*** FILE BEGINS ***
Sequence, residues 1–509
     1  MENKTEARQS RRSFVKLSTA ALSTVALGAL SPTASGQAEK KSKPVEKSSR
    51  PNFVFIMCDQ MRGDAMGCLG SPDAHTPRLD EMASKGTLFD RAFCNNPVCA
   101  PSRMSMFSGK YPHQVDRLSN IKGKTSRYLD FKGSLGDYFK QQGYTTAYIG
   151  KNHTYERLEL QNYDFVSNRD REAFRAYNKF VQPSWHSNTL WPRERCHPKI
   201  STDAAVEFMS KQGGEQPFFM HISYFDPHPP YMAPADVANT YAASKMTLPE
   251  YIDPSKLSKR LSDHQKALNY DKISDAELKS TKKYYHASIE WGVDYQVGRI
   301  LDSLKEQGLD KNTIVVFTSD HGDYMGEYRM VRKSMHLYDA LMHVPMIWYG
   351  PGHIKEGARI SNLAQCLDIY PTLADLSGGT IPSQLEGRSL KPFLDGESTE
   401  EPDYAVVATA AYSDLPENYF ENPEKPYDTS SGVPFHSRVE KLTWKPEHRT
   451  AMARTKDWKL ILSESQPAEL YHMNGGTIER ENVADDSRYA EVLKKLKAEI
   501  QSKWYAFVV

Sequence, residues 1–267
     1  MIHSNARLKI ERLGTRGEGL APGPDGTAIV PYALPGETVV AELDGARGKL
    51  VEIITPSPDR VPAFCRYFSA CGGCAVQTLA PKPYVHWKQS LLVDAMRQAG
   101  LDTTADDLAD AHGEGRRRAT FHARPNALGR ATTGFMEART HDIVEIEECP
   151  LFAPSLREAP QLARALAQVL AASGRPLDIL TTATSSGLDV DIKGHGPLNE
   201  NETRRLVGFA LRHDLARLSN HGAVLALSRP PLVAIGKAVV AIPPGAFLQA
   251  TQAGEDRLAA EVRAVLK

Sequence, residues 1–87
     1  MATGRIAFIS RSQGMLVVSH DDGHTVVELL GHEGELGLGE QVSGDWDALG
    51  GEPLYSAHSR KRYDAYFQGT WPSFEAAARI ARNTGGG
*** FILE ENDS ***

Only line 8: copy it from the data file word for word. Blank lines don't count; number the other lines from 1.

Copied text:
   301  LDSLKEQGLD KNTIVVFTSD HGDYMGEYRM VRKSMHLYDA LMHVPMIWYG